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Our trip to Tunica is in the rear view, so it’s time to get back on the blogging grind. After focusing on the casino in the last blog, this report will turn its attention to the poker side of things. While it wasn’t raining rings for our friends like it did at the last stop, there was still some interesting happenings on the felt this time around.

Our results

With a freeroll seat locked up I scaled back my tournament schedule for the Tunica event skipping to play PLO. I love being able to sleep in and play sessions of whatever length I desire, this is the freedom that makes poker such a great job. It felt good to get back on the old degen schedule, if only for a few days.

Even with the reduced mtt schedule I did manage to make a run at a ring this trip, finishing 4th in one of the 345s. I felt I played well on the way to the final table, but a sick run of flips and gifts definitely padded my stack. I lost maybe one of ten or eleven flips on the way to the final table, and it was against a shorty.

Unfortunately all good heaters must come to an end and mine stopped just short of a ring. Five handed I lost KK v 66 aipf to the eventual winner when he binked the 6s on the river of a dry board. I still had plenty of chips after the pot, but I lost my mental edge. My confidence in reads deteriorated somewhat and I missed a couple important bets in significant pots.

I had an hour long dinner break right after the KK hand to recover, so I don’t feel tilt was a factor. I think the hand was more of a psychological boost to my opponents, who had been unwilling to enter a pot with me prior to the hand. Probably most importantly it allowed the eventual winner, on my immediate left, to enter almost every pot I played after the break and make my life much more difficult. I wasn’t connecting and my frustration eventually got the best of me and I made a poorly timed shove to end my day. It was a mental lapse at a key moment and something for me to work on moving forward.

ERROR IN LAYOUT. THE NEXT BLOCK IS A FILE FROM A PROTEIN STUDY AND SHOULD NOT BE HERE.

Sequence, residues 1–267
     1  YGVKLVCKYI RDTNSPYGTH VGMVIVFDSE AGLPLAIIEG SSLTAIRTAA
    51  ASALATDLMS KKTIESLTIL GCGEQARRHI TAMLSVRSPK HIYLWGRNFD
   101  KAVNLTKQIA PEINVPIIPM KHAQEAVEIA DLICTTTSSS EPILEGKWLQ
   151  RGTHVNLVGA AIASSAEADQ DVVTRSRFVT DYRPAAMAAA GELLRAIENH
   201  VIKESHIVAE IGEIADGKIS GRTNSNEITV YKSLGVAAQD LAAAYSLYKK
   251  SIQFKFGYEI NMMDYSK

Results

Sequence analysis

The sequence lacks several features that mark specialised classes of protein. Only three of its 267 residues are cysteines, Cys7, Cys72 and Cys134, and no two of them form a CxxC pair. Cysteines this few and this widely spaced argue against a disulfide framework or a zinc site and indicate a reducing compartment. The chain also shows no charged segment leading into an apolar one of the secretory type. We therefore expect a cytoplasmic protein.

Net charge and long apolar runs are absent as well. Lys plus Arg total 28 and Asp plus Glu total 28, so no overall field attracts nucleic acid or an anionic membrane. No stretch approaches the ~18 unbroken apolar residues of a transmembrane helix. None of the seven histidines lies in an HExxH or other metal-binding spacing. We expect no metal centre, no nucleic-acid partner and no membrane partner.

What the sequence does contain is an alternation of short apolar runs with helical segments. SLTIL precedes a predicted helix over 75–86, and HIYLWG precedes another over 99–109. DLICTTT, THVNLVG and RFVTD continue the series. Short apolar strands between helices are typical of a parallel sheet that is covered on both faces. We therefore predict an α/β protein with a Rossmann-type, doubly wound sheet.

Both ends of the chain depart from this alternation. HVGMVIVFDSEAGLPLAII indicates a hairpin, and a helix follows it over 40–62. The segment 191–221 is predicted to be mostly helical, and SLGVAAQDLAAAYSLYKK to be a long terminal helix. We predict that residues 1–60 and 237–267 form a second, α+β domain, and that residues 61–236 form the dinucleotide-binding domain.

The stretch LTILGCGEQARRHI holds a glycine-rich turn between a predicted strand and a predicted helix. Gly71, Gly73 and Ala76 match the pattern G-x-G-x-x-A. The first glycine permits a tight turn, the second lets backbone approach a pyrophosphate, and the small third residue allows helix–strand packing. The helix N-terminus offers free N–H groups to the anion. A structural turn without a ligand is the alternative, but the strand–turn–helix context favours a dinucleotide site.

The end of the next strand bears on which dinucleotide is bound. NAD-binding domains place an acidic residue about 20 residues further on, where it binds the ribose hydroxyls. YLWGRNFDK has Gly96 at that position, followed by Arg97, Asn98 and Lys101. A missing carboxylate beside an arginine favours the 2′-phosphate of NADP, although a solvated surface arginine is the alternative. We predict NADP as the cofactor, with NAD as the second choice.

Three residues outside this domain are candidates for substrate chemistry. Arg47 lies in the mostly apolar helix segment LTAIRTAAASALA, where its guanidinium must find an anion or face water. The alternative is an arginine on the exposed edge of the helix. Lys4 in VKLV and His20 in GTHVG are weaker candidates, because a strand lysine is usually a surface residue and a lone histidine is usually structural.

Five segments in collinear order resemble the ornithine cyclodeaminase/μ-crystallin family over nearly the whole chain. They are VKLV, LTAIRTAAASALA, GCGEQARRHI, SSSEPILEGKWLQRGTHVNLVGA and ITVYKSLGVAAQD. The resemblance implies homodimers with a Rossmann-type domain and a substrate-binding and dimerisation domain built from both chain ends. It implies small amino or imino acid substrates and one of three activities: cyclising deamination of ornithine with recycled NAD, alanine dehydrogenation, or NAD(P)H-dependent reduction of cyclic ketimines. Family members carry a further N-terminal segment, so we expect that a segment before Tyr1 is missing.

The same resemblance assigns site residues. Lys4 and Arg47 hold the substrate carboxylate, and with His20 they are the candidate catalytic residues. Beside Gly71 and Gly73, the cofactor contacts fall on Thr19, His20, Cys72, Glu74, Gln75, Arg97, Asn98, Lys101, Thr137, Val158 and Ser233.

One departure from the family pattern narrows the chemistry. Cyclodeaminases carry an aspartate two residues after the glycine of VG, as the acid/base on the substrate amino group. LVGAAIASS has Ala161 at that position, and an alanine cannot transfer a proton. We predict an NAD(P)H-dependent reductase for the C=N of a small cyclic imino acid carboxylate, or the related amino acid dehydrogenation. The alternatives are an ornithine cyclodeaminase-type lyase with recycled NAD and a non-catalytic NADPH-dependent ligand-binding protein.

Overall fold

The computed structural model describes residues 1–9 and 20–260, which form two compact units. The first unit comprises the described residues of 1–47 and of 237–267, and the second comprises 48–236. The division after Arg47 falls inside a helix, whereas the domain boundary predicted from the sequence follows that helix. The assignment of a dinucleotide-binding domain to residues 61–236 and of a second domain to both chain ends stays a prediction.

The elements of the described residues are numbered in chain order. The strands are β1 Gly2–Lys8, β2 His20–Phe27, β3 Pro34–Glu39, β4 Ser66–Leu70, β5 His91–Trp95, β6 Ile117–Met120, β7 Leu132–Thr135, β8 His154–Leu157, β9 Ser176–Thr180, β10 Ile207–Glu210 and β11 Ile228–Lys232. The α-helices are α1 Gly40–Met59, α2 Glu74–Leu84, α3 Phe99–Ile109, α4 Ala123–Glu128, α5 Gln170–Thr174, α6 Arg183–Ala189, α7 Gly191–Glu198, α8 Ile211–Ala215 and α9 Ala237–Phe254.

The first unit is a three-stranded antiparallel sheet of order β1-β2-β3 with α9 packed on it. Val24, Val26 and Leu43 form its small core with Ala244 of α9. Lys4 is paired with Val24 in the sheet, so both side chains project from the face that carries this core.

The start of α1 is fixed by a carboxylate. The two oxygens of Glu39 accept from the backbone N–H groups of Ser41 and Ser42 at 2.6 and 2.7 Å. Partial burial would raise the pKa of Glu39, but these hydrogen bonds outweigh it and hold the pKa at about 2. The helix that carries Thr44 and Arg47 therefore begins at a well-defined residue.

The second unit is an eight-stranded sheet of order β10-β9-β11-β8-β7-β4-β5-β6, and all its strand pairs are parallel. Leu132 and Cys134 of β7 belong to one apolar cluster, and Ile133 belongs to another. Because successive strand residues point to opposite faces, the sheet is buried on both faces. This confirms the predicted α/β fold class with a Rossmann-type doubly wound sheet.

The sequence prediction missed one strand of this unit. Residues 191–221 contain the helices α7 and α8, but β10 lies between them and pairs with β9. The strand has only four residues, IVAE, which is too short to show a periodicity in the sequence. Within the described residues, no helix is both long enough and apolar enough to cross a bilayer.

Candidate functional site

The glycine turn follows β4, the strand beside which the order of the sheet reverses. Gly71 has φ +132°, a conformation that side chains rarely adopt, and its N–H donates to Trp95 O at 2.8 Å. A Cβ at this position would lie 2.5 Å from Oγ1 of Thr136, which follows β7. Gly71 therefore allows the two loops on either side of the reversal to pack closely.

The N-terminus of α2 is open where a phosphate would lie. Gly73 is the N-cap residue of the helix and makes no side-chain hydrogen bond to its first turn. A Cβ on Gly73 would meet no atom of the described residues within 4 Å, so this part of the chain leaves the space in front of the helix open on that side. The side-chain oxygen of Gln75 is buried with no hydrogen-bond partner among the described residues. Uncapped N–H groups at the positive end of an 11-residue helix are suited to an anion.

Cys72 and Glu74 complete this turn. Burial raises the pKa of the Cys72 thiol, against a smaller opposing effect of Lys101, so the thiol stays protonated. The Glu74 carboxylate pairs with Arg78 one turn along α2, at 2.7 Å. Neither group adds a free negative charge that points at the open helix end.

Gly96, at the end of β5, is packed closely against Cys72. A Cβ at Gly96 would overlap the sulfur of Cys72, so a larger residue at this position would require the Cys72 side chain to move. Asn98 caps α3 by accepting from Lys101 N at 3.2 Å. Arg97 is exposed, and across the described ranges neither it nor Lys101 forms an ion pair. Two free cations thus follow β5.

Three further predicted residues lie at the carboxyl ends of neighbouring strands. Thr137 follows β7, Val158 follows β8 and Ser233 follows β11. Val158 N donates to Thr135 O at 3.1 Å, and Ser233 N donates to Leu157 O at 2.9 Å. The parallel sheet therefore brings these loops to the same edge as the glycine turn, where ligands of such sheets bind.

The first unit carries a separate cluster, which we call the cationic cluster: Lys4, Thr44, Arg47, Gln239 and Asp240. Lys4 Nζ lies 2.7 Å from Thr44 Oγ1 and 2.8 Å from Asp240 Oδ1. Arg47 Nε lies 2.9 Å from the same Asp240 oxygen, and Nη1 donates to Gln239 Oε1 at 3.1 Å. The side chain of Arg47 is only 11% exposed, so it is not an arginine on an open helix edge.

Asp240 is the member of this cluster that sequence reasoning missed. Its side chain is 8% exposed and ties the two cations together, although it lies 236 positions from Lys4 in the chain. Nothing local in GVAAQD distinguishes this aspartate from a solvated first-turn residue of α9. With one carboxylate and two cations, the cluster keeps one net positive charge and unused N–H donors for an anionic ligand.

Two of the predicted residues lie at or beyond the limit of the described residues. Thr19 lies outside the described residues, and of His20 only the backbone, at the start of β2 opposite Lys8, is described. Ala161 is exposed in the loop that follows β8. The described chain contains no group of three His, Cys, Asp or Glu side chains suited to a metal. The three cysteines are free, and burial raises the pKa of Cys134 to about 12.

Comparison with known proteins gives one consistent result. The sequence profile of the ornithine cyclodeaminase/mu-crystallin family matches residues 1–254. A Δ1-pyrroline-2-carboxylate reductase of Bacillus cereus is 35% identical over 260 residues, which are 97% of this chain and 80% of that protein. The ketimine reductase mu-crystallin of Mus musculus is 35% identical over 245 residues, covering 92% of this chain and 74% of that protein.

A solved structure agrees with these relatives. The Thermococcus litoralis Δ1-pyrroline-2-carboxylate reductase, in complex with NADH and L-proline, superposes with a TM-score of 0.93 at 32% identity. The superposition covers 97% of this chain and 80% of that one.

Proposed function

As is our custom, after I make a deep run La usually makes a deeper run. She was on course to continue the trend making day two of a following 345, but with 11 left she miscalculated her opponent’s stack bvb and made a shove against what she thought was a much shorter stack. The mistake crippled her and she wasn’t able to recover, finishing just shy of the final table. These are mistakes we all make and I’m sure she will be back at the final table in no time.

LaLa grinding (@lasengphet)

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Picture from Pokernews Tunica main event coverage

Players to watch

With so many rings to write about at the last stop I didn’t have much time to acknowledge some of the other players on the circuit that have been doing work. These are a couple guys that are turning into familiar faces at WSOPC final tables:

AP Phahurat (@legitap47)

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Picture from Facebook, source unknown

AP has been mashing the re-entry events, making deep runs in the enormous opening event fields. He has had 6 cashes at the last two circuits including a 5th in the Tunica re-entry and a 4th in the HU event. Huy and AP offered us some team props on the Choctaw series, we politely declined.

Michael “Great Mj” Cooper

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Picture from Pokernews Tunica main event coverage

MJ has also been making waves on the circuit. He cashed 5 times in the last two stops with 2 4ths at Choctaw and a 7th place finish in the Tunica main. One thing is for sure, he has his buddy Larry in a bad spot on their WSOPC props.

Angle shooter empties the clip

My PLO sessions yielded one of the most pathetic angle shoots I have seen since my underground poker days. I was playing a long PLO session and a tatted up, blinged out thug had been gambling with us for three or four hours. He seemed cool enough, joking around and having a good time with the table. He did complain about how much he was stuck, but it wasn’t a surprise as he was a hyper aggressive player.